16. Tip out the risen dough onto a lightly floured surface and knock the air out by folding it in on itself a few times. It should feel smooth. Then flatten it out into a rectangle, with a short side towards you. Lift the dough from the furthest edge and fold it down towards you about half way. Press the edge down with the heel of your hand. Turn the dough round and repeat. Then shape the dough.

  17. For the classic shape
  18. Flatten the dough into a rectangle, short side towards you, with the width about the length of the loaf tin. Roll the dough up away from you making sure that the join ends up at the bottom. Place the dough in the tin, moulding as necessary to make sure it's even along its length.

  19. For a natural shape
  20. Rotate the dough into a ball and shape appropriately. Place on the baking tray.

  21. Cover with the tea towel or cling film and leave to prove for at least another hour. You can tell when it's ready when it's doubled in size again and the dough springs back readily if you poke it gently with your finger.

  22. Before the end of the hour, preheat the oven to 200°C/400°F (gas mark 6).

  23. Dust the top of the dough with flour and slash the top lengthways with a sharp knife. Then bake for 35–40 minutes or until nicely browned. Turn out the loaf and tap it on the bottom – it should sound hollow. Allow to cool on a wire rack.



  24. * Doubled in size means doubled in volume. This means that if the dough is in the shape of a ball, the diameter increases by about 25%.

Updated: March 10, 2017

White Milk Bread

White Milk Bread

 

If your day-to-day bread is used for sandwiches or for toasting, you might want to try this milk bread. It produces a softer, tighter crumb and a softer crust than breads made with water.

Bread isn’t difficult if you break the process down into 3 steps. Each step involves a ‘wait period’ during which you can get on with something else. For more information about the technique I use, here’s a link to my page on Breadmaking.

 

White Milk Bread
Prepares: 1 loaf
 
  • Step 1
  • Preparation time: 5–10 minutes
  • Waiting time: 30 minutes
  • Step 2
  • Preparation time: 5 minutes
  • Waiting time: About 1 hour 30 minutes
  • Step 3
  • Preparation time: 10–15 minutes
  • Waiting time: 1 hour
  • Cooking time: 35–40 minutes

  • Ingredients
  • 500g (1 lb 2 oz) strong white/all purpose flour (3½ cups)
  • 335ml (11¾ fl oz) semi-skimmed/2% milk (warm, about 40°C/100°F) (1⅓ cups + 1 tbsp)
  • 10g (1 tbsp) instant yeast
  • 10g (1½ tsp) salt
  • 25g (1 oz) caster sugar/fine white sugar (2 tbsp)
  • 32g (1¼ oz) unsalted butter (2 tbsp, or ¼ stick)
  • olive oil for oiling the bowl and tin


  1. Method

  2. Step 1
  3. Pour the flour into a mixing bowl and make a well in the middle. Add most of the milk and mix thoroughly with a wooden spoon or a plastic dough scraper. If some flour is left in the bottom, add the remainder of the milk. It may not need it all. Just make sure that all the flour has been taken up.

  4. Cover the bowl with a tea towel and leave it to stand for 20–30 minutes.

  5. In the meantime, prepare for the next step by weighing out the salt, yeast, sugar, and butter.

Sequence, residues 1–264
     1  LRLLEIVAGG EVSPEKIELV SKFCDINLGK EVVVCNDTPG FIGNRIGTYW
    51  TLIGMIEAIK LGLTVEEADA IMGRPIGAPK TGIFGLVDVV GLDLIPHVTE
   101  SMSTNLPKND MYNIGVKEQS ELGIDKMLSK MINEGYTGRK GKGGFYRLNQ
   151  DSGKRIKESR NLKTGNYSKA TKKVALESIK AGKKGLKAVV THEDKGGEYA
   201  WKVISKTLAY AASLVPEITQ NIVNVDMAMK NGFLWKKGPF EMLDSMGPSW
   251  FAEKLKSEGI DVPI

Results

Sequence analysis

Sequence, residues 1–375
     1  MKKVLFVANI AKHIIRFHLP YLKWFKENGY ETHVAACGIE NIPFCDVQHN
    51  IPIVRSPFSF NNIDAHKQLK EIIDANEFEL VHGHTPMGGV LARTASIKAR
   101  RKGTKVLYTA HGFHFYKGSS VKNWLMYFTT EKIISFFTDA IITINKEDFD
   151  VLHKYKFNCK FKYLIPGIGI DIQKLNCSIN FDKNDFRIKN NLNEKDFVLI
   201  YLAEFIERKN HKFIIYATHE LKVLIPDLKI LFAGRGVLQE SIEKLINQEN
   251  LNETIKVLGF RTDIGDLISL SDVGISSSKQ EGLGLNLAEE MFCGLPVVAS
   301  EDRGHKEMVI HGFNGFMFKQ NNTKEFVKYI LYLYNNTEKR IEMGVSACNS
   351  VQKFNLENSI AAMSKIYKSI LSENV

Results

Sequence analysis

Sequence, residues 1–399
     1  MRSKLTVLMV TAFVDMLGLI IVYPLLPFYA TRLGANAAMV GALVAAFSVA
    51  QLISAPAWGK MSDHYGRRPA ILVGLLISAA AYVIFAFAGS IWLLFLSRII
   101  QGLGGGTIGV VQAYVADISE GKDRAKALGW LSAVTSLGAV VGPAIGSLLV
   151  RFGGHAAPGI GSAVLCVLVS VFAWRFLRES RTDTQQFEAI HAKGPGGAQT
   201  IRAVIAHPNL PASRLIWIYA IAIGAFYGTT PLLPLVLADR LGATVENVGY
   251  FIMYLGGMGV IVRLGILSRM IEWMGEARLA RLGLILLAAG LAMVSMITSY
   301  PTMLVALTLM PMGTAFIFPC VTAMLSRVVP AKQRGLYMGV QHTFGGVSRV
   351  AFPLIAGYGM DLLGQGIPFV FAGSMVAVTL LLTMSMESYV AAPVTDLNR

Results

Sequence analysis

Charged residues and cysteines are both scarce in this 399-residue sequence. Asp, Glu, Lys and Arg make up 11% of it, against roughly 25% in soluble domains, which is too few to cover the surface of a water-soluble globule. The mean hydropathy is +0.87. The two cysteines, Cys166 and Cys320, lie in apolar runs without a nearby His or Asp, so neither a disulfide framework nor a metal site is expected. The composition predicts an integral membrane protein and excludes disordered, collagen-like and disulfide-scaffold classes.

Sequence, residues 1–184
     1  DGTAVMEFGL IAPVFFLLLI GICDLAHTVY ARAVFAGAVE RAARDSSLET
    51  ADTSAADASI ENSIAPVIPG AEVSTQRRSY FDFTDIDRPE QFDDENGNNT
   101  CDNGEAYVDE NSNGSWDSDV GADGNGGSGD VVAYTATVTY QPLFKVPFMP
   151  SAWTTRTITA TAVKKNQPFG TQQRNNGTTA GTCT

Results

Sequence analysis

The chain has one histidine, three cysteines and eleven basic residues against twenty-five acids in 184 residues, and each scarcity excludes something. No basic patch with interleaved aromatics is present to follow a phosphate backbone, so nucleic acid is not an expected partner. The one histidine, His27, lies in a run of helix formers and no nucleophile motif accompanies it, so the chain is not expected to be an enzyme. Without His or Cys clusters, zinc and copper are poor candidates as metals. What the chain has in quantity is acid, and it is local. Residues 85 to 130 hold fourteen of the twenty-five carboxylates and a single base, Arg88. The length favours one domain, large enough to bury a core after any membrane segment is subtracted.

6. Step 2
  7. At the end of the 20–30 minutes, melt the butter and add it with the salt, yeast, and sugar to the mixture, making sure that the yeast doesn’t come into contact with a wodge of salt, and mix well.

  8. Cover the bowl with the tea towel and leave for 10 minutes.

  9. Lightly oil your hands and the work surface, and tip the dough out. Take the edge of the dough that’s furthest away from you and fold it towards you to meet the near edge. Push it into the dough with your fingers or the heel of your hand, stretching it gently away from you. Give the dough a quarter turn and repeat. Do this 8 to 10 times, then rotate the dough into a ball and put it back in the bowl.

  10. Cover with the tea towel again, leave for 10 minutes, and repeat the fold and stretch.

  11. Cover again and leave for 10 minutes. While waiting, lightly oil another large bowl for the dough to rise in. Then fold and stretch the dough for a third time.

  12. The dough should now be smooth and silky. Tip it out and shape it into a ball. Put it into the lightly-oiled bowl and cover with a tea towel or cling film.

  13. Leave it to rise until it's at least doubled in size.* At room temperature, this should take a minimum of an hour but it's fine to leave it for 2–3 hours. The longer the better – it improves the flavour.

  14. Depending on the kind of loaf you want, prepare for the shaping while you wait. If you want a classic rectangular shape as shown in the photograph, prepare a loaf tin. (For this amount of dough, I use one which measures 23.5 × 13.3 × 7cm /9¼ × 5¼ × 3 in. Lightly oil the whole of the inside to prevent the loaf sticking.) If making a natural-shaped loaf, say a cob or a boule, line a baking tray with baking parchment.

  15. Step 3
  16. Tip out the risen dough onto a lightly floured surface and knock the air out by folding it in on itself a few times. It should feel smooth. Then flatten it out into a rectangle, with a short side towards you. Lift the dough from the furthest edge and fold it down towards you about half way. Press the edge down with the heel of your hand. Turn the dough round and repeat. Then shape the dough.

  17. For the classic shape
  18. Flatten the dough into a rectangle, short side towards you, with the width about the length of the loaf tin. Roll the dough up away from you making sure that the join ends up at the bottom. Place the dough in the tin, moulding as necessary to make sure it's even along its length.